After more than two years of navigating different dimensions and phases of the COVID-19 crisis, concerns over the economy are the top priority for business leaders in G20 nations, according to the World Economic Forum’s 2022 Executive Opinion Survey (EOS).
Executives were asked to identify the risks they considered the biggest threats to their country over the next two years. As growth in many large economies stalls and households struggle to pay bills, economic risks clearly worry executives across G20 member countries. Risks such as “rapid and/or sustained inflation” appear in the top-five rankings for executives in almost all G20 countries, while “cost of living” is a similarly high-ranked concern for multiple members of the bloc. With more than 80% of the world’s GDP and 75% of international trade represented in the G20, the prioritization of economic risks in this year’s survey reflects a vulnerable outlook for the global economy.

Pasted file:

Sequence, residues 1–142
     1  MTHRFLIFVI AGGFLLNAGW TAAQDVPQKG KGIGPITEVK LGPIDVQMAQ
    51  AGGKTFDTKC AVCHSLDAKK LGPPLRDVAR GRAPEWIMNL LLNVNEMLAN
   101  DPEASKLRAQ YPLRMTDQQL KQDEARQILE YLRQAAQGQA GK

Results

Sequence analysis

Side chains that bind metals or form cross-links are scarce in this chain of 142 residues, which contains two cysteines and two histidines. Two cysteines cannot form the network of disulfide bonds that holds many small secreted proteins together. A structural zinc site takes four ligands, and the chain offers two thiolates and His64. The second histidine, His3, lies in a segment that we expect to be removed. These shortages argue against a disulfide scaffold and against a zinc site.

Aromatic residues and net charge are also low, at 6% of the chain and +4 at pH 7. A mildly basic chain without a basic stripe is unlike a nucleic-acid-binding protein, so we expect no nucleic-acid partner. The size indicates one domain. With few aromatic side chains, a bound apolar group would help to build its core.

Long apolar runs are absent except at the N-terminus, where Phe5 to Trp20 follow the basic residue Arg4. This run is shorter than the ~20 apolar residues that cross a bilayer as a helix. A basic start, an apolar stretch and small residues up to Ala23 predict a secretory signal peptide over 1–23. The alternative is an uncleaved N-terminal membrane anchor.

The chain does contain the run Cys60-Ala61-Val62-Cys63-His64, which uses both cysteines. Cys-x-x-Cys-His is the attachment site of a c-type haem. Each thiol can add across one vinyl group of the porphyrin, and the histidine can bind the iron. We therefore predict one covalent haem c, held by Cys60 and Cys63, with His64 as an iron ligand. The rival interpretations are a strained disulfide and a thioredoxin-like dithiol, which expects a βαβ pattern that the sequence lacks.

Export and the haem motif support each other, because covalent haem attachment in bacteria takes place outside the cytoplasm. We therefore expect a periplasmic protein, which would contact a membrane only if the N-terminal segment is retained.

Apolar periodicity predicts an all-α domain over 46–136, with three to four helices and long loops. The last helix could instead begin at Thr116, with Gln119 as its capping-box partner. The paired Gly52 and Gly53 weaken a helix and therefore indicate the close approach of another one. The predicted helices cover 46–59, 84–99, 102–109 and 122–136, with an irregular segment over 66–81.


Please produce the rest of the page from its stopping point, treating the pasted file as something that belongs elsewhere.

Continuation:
Despite the overwhelming consensus on economic risks, business risk perception varies on other critical risks. For instance, responses from the emerging market bloc of the forum — for example, Indonesia and India — reflect strong concern over digital inequality, while geopolitical risks such as “interstate conflict” and “geo-economic confrontation” feature prominently in the top risks of advanced economies, particularly for leaders in the European Union. The upcoming Bali summit presents an important opportunity for the bloc to discuss a way forward on these varying priorities as well as common pressing economic challenges.